This article points out that one of the most important aspects of revitalizing the AM band is better AM receivers, something most of us have known for years. Since all the modern technology which clutters the AM band with noise isn't going away, I think the best solution to RFI on AM is to offer more receivers with selectable bandwidths available at the touch of a switch or button. I have several Sangean radios with selectable bandwidths, which really helps reduce adjacent channel "hash" and RFI noise on AM:
The first thing we need to address is that what the FCC has done is not actually "AM revitalization". It doesn't address the problems with the AM band itself. It just turns AM station owners into sortof FM station owners.
Honestly the writing on that article was so bad I didn't even read most of it. The writer is still missing most of the point. There are a few things that could be done to truly make significant improvements in fixing AM itself. The very first thing that needs to happen is to weed the garden. There are so many stations crammed into the AM dial that it creates a mash of noise. 1230 here (before the real tower went bye-bye) was inaudible 15 miles from the transmitter at night. This is nuts. Electrical noise isn't the problem. Other stations are. This reality won't make WGTO's owner happy. He's got a 1000 watt pea shooter in the middle of nowhere. At night he might as well turn off the transmitter and go home. It's those stations that are polluting the dial and they need to go away. This isn't going to happen, but it needs to if AM has any real chance outside of the big 50kw flamethrowers.
The other thing that needs to happen after the polluters get thrown off is to allow whoever is left to increase their frequency response to 15kHz like it used to be. AM can have the same fidelity as FM (which is also 15kHz) but doesn't and arguable can't until the dial gets cleaned up. Then we can really start talking about the quality of receivers.
That isn't even needed to get that ball rolling. The quality of sound issue ironically doesn't even need FCC involvement. This would be a good place for groups like the NAB to stop making pests of themselves and do something good. They can start an "HQ AM" campaign much like what they tried to do with IBOC. Market that AM stations can sound as good as FM (assuming the 10kHz mask is lifted of course) but you need a radio that produces high quality sound, so look for the HQ AM(tm) logo on the next radio you buy to enjoy just how good AM can sound. Done.
This stuff isn't hard to figure out, it's just painful and requires some effort. Nobody is willing to do that. They better or there's going to be a lot more pain later on.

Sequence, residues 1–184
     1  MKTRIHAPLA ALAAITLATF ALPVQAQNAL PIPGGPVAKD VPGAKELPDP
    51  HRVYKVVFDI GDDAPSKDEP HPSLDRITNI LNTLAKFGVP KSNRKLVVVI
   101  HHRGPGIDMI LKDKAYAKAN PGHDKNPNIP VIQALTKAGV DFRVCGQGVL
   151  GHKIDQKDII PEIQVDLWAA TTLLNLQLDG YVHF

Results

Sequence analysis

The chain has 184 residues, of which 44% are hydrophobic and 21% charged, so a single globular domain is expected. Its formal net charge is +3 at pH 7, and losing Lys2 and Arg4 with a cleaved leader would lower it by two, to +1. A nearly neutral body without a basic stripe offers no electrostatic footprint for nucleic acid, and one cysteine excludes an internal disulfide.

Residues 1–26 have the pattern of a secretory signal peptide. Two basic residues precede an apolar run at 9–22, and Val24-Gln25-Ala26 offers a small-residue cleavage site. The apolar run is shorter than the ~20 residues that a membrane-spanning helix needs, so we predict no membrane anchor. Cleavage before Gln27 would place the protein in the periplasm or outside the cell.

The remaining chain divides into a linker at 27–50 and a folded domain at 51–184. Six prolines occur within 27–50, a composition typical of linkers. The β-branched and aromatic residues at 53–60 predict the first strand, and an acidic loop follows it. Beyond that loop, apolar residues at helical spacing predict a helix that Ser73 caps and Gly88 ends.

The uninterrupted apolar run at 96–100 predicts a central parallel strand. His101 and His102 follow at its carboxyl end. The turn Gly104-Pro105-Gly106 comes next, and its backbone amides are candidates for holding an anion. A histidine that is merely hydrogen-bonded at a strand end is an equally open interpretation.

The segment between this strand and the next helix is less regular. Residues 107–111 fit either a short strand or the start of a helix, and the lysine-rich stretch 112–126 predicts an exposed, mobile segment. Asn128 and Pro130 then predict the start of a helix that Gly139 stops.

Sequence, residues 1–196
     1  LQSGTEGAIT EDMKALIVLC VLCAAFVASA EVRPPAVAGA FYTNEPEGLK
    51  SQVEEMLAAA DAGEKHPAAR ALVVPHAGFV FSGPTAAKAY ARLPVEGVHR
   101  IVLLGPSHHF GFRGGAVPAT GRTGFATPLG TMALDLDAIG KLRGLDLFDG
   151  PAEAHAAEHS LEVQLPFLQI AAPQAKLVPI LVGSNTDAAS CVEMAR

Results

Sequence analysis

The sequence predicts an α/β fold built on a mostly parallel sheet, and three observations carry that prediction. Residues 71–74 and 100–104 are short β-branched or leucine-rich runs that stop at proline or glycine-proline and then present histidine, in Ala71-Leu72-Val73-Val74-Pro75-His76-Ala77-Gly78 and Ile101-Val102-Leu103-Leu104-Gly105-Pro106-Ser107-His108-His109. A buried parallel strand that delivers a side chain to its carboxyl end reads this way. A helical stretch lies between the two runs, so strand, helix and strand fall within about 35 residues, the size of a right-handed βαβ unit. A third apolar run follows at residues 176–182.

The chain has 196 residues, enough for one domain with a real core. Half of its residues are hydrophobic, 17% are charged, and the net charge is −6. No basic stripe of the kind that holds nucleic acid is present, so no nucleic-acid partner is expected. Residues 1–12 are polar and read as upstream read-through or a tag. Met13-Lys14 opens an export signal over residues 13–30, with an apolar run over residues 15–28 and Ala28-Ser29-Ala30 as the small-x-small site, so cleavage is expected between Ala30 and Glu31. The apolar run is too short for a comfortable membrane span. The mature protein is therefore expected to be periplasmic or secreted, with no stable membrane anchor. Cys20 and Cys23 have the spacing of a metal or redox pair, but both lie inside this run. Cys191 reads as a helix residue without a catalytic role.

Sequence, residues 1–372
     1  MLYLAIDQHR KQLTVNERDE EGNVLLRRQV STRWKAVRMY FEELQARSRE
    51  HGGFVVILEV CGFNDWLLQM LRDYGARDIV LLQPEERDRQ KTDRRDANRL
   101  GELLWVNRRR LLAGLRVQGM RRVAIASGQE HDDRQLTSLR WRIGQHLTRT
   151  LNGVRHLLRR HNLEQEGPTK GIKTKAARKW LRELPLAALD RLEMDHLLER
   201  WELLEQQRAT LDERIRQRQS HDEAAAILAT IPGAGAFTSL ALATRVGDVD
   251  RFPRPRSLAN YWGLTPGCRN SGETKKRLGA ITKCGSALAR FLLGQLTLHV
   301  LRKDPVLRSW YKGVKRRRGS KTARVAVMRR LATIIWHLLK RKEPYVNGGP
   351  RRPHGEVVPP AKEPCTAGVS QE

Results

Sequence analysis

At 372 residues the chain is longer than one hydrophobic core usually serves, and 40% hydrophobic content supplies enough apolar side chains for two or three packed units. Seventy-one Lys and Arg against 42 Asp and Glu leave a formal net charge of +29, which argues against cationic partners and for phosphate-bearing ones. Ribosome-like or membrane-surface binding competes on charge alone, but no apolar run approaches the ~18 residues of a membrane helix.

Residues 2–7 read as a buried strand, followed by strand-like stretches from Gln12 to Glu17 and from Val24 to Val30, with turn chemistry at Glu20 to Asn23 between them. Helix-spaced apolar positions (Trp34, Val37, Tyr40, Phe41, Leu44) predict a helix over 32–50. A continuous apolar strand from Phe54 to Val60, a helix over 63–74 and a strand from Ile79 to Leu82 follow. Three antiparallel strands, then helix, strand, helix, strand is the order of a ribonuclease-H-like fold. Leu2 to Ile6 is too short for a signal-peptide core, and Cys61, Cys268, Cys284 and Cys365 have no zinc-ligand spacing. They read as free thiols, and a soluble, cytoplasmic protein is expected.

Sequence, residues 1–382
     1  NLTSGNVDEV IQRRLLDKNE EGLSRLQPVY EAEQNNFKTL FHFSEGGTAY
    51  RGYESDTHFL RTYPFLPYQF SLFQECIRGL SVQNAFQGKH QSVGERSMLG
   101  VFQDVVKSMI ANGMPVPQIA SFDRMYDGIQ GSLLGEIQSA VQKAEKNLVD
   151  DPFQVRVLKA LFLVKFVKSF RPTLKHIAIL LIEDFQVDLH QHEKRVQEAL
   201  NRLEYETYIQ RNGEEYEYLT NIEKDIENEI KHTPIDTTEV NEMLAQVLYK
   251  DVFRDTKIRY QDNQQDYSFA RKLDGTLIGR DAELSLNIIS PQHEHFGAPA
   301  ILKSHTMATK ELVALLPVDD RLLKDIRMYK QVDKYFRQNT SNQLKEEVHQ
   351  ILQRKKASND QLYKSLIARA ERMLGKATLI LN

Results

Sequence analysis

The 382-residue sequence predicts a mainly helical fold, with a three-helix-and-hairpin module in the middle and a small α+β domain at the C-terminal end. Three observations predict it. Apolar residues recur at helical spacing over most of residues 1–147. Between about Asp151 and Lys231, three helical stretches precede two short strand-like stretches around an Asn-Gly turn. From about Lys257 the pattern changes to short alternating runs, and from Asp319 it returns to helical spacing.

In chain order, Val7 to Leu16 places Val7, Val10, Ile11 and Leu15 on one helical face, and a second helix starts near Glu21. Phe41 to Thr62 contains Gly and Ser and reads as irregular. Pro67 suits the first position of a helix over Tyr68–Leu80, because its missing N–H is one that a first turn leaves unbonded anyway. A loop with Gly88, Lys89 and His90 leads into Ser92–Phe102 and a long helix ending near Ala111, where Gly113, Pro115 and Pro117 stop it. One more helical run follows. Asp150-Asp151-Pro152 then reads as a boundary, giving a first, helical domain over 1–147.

Last Edit: Oct 22, 2017 3:15:48 GMT -7 by CAwasinNJ
I agree that "AM revitalization" is a misnomer for what Chairman Pai is trying to accomplish, but that's what the FCC has decided to call it. What do you expect from a government agency--clarity?
Part of the plan for AM revitalization (unless it's been scrapped) is to allow some non class A stations to increase nighttime power and reduce signal protection for the 50 kw clear channel stations. I think this is a step in the wrong direction, as it will mostly just increase nighttime and critical hours co-channel interference on the band. The FCC's reasoning behind allowing some non class A stations to increase power after sunset is that they will be better able to serve their community of license, which is already being accomplished to some degree with FM translators.
I personally think that 15 kHz is too wide a bandwidth for AM, especially for stations like KSL-AM which already have sidebands that extend for 20 kHz on either side of 1160. Anything is better than a 5 kHz bandwidth, which is probably what most AM stations are limited to these days. AM can definitely sound better than it does now even without the addition of an FM translator. I've never forgotten how good the Minneapolis stations broadcasting in AM stereo sounded when I drove a rental Chrysler K car for a few days in 1985 while my car was being repainted. It was a truly amazing sound for someone that had grown up listening to AM on a cheap single speaker transistor radio. Too bad the FCC let AM stereo die a silent death by not deciding on a single transmission standard--but that's a topic for another thread.
Thank you for reminding me. The 20kHz sideburns of IBOC definitely need to be scrapped. That's not doing anyone any good and it's making things far worse. If Pai wants to revitalize the band, get rid of the trash almost nobody cares about.
I'm not sure exactly when it was, but I don't think it was more than 2 or 3 decades ago at most that the AM bandwidth WAS 15kHz, so that may very well have been what you heard in Minneapolis.